Those of you who know me know that Halloween is definitely NOT one of my favorite holidays….old story not worth repeating. I will say, however, that the Halloween parties at Folktale Winery and Vineyards in Carmel Valley, CA the last two years have started to change my mind. If they have one next year, I highly encourage going! What fun and always for a good cause!
The holiday for which I DO have great reverence is Los Dias de Muertos…otherwise known as The Day of the Dead. Although Los Dias de Muertos shares some of the same elements as Halloween such as costumes, skeletons and treats, the celebrations differ in their history and intention.
The Day of the Dead ceremonies take place on November 1-2 throughout most of Mexico. The origin is thought to be an Aztec harvest festival where “ofrendas” or offerings were placed on the gravesite of the departed.
La Catrina, a fancy skeleton wearing a huge, feather hat, presides over the festivities. Sugared skulls are seen everywhere, most likely a nod to the Aztecs death imagery often seen in their sculpture, painting and architecture. Marigolds, the “flower of the dead” are used generously at the grave sites as their scent is believed to attract the departed souls and draw them back.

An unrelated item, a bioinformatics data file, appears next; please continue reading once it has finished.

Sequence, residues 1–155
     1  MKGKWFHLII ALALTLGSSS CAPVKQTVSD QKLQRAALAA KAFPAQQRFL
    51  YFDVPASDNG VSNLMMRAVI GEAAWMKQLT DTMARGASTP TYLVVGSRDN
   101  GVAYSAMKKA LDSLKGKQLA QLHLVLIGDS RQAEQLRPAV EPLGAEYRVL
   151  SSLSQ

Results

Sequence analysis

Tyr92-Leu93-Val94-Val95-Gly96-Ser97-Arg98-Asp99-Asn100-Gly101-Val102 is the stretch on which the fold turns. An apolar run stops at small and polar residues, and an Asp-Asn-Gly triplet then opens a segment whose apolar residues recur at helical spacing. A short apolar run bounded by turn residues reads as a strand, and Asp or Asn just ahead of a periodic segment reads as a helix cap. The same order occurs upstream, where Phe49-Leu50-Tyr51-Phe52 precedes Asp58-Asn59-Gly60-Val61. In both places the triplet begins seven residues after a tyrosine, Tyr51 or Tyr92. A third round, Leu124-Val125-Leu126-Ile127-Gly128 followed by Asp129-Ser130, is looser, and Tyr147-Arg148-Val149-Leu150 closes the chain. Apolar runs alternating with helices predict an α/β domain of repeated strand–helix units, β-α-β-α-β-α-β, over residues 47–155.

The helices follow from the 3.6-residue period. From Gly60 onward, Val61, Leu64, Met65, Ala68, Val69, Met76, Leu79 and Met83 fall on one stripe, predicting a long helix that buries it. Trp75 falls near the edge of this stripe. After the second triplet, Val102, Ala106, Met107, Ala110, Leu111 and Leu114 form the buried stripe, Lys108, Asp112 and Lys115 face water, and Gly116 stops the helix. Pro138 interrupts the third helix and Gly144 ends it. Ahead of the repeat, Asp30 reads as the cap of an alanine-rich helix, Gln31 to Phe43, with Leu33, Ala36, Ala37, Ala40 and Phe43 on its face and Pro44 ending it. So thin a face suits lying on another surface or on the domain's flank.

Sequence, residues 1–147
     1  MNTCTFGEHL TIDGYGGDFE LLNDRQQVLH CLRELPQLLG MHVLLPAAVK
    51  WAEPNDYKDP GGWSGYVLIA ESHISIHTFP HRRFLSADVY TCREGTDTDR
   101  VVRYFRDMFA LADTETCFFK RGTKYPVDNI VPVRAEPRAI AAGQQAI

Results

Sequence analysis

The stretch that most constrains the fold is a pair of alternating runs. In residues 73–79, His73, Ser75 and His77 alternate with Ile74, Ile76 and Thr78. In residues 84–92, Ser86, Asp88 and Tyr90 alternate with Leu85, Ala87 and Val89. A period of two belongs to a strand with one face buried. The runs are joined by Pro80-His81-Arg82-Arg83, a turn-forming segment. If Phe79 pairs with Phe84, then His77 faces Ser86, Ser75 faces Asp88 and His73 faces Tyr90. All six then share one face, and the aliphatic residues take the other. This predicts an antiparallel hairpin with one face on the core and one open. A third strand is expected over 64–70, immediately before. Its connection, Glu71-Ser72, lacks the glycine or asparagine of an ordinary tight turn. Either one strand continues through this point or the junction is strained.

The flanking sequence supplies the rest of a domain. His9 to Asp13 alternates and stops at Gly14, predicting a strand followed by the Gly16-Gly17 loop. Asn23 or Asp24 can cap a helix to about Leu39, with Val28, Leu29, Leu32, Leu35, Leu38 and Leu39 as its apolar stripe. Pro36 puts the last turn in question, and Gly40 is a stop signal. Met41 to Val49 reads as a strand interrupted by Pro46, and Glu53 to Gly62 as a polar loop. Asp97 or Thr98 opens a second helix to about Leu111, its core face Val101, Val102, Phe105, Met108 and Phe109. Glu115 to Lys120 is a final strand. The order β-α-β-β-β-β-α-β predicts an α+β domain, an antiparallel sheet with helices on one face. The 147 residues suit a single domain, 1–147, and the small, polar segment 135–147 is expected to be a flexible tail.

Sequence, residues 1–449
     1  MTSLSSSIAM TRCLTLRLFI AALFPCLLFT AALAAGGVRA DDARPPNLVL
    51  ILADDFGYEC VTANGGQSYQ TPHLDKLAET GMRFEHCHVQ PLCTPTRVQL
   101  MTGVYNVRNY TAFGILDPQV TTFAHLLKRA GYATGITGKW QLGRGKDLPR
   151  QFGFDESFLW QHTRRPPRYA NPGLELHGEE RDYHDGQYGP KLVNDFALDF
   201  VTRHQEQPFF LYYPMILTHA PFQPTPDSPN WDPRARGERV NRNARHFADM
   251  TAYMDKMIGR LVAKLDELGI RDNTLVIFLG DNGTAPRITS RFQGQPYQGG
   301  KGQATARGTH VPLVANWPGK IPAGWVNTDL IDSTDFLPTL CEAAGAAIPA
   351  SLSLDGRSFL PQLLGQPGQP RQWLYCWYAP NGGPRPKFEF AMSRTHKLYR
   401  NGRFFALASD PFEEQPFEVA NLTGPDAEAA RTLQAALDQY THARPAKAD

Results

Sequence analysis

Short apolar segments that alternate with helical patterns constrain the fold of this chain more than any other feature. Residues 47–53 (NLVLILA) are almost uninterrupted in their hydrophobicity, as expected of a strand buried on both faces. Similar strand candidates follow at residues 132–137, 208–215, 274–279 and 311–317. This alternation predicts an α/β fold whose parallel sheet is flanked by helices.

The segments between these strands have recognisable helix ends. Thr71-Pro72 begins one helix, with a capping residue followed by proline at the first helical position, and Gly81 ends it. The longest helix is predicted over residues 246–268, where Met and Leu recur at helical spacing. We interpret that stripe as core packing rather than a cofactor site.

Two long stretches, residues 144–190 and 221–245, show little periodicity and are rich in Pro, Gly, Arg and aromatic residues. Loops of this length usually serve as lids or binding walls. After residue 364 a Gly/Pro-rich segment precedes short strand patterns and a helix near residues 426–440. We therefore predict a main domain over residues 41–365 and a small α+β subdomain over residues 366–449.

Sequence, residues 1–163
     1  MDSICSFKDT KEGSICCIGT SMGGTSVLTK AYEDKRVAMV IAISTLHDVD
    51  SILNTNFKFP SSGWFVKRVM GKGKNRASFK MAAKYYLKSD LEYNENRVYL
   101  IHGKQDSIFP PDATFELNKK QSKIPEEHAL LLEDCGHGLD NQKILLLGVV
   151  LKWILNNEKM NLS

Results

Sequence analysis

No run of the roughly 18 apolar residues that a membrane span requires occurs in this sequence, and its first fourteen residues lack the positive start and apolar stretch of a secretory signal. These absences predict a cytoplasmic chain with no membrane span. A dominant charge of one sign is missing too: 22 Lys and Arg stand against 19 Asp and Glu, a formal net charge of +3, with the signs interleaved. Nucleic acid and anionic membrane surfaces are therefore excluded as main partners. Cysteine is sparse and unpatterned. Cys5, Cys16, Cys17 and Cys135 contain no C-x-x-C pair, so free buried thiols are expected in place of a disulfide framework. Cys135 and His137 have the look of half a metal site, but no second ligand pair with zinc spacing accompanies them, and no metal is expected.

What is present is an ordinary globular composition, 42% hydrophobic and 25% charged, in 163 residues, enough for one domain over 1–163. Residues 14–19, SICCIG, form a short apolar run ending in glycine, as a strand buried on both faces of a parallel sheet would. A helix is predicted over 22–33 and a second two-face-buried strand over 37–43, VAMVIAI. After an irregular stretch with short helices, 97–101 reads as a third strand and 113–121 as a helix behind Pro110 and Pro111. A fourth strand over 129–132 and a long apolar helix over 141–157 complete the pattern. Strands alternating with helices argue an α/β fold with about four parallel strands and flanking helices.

Colorful papel picado (fiesta pennants) often decorate the altar adorned with fruits of the season. Also prominent are loaves of pan de muertos which is a sweet bread baked in a round shape symbolizing the circle of life and decorated with dough shaped like skulls and crossbones. Framed photographs of the departed souls are often seen with their favorite food and beverage.
On this upcoming Dias de Muertos, it is with humble gratitude and veneration that we here at Illusions of Grandeur honor those that have been a part of our family and our history.
- Jorge Cabrera
- Carlos Zarate
- Dan Adelezzi
- Javier Olvera
- Gustavo Jimenez
- Magdaleno Bocanegro
- Alejandro (Alex) Cabrera
- James Wood (my landlord for over 25 years)